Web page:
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Countee Cullen Analysis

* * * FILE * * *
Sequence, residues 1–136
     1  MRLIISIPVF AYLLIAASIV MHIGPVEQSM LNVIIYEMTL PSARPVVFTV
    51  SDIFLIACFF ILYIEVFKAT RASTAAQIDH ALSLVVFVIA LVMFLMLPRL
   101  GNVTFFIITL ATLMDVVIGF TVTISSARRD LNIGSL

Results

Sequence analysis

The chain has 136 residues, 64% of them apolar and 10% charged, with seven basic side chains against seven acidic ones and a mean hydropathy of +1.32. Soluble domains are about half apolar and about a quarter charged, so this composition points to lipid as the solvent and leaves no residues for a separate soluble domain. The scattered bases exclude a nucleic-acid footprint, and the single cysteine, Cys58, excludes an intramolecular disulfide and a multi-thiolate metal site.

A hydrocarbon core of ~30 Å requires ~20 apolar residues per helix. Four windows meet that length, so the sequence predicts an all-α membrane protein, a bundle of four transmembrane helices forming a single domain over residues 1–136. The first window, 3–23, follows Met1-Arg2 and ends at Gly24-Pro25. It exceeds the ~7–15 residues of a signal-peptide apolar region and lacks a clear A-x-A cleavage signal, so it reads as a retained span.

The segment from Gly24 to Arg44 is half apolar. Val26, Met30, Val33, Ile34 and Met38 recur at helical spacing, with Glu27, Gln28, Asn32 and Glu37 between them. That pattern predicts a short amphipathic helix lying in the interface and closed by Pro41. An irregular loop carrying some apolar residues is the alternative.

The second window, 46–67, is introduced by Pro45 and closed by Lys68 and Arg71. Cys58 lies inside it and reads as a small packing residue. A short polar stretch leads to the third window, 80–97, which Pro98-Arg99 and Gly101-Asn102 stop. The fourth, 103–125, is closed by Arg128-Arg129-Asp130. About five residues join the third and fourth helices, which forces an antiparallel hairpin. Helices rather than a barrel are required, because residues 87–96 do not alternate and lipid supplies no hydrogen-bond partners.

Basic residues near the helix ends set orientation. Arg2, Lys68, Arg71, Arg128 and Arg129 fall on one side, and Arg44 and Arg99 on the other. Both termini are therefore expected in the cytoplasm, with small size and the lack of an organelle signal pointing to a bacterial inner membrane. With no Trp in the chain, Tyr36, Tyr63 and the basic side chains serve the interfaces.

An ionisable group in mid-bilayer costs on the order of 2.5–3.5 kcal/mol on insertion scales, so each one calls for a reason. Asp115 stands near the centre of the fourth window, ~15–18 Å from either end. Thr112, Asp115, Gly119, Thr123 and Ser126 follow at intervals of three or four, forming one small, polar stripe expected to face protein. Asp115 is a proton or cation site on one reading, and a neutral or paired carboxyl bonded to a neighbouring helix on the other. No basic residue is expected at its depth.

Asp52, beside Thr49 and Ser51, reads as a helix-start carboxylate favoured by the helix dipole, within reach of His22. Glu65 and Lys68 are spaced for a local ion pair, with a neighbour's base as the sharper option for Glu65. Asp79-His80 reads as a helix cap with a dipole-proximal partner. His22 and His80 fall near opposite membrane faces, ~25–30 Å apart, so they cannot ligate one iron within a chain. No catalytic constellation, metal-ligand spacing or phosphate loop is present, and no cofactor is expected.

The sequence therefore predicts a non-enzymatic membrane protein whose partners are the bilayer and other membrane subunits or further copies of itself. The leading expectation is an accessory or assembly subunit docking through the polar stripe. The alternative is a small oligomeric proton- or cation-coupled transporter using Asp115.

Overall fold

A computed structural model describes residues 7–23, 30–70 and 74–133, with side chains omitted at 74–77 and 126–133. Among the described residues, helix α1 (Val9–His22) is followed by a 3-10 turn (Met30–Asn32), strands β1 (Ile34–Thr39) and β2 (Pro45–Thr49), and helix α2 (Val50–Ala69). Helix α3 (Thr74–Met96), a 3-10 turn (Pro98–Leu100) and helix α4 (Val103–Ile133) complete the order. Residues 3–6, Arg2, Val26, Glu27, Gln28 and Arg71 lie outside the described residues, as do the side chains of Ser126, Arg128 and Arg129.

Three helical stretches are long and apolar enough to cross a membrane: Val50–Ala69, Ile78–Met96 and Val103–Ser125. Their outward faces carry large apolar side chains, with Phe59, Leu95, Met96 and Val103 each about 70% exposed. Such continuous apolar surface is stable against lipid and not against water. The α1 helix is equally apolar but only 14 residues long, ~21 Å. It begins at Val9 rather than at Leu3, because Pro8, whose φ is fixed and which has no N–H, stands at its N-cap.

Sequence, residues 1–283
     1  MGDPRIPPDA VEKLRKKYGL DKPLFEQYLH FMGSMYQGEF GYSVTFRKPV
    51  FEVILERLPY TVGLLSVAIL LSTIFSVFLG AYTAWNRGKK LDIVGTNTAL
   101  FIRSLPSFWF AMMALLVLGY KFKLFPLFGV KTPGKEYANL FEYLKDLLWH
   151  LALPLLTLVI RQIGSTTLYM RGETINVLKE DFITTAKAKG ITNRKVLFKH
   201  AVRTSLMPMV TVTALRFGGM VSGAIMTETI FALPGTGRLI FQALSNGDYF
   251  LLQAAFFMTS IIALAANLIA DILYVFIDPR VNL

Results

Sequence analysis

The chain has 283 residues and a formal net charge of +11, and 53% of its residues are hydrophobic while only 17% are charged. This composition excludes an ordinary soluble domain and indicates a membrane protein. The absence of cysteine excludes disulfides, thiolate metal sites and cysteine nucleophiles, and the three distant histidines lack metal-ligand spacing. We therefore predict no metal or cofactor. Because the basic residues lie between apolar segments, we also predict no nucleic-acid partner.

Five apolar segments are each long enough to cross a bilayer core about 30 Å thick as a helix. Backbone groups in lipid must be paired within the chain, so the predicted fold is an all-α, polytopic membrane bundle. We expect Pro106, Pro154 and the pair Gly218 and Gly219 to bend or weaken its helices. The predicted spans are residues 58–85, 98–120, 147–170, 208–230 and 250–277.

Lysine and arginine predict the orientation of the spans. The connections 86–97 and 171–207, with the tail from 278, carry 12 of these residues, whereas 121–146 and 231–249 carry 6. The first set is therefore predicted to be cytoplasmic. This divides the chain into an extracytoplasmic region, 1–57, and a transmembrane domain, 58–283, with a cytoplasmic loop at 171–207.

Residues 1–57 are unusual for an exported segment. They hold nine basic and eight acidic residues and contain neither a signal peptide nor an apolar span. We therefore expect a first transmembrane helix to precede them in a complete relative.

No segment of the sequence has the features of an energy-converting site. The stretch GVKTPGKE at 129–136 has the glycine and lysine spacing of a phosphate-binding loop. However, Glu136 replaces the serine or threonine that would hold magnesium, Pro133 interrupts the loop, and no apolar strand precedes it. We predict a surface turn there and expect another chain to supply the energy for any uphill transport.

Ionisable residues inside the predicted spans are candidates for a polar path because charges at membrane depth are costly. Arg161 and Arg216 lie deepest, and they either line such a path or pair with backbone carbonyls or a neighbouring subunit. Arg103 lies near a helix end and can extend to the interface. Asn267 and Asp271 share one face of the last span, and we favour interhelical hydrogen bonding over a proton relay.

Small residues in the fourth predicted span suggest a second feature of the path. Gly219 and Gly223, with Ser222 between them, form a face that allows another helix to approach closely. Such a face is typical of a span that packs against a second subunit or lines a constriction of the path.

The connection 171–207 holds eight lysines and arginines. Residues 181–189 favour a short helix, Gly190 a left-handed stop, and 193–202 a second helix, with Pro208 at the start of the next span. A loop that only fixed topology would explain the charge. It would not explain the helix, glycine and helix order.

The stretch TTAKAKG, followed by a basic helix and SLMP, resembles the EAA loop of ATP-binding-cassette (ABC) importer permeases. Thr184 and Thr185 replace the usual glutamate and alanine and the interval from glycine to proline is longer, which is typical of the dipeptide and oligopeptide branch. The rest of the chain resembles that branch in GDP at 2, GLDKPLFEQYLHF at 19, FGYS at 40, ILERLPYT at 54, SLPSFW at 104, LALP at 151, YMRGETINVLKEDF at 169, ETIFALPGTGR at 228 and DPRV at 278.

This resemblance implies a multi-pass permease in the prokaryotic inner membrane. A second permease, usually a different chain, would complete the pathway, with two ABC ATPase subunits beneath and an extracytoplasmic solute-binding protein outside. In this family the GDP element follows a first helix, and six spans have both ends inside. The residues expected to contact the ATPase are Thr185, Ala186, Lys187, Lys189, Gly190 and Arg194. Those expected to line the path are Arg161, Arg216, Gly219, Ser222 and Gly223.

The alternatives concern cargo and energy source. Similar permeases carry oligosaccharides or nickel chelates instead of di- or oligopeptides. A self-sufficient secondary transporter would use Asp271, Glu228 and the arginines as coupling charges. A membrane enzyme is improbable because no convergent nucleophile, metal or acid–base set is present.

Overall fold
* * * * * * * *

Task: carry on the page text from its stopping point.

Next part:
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Countee Cullen (1903-1946) was an influential African American poet largely remembered for his contribution to the Harlem Renaissance, a period from the early 1900’s to the mid 1930’s in which black culture thrived. Artists such as Langston Hughes and Louis Armstrong were integral in the creative revitalization and, while Cullen is perhaps lesser known, his work is no less enduring (Harlem). As a teenager, Cullen went to live with Reverend Frederick A. Cullen, who would later become president of the Harlem chapter of the NAACP. An exceptional student, Cullen pursued undergraduate studies at New York University and graduate work at Harvard, during which time he published numerous poems. Because he was immersed in both black and white culture, he often wrote of racial injustice, yet did not want to be viewed as simply a black poet. This conflict is evident in his work. His first volume of poetry, Color, published in 1925, included “Incident” (Countee Cullen). A tragic tale of innocence lost, “Incident” describes the moment when a young Cullen first realized that the color of his skin alone could create contempt. Further thought-provoking, it highlights another child, equally innocent, who has been taught to hold this perfunctory contempt. The poem begins in a peaceful place – a carefree child traveling on a bus, excited to be visiting Baltimore. Once riding in Old Baltimore, Heart-filled, head-filled with glee, I saw a Baltimorean Keep looking straight at me. (lines
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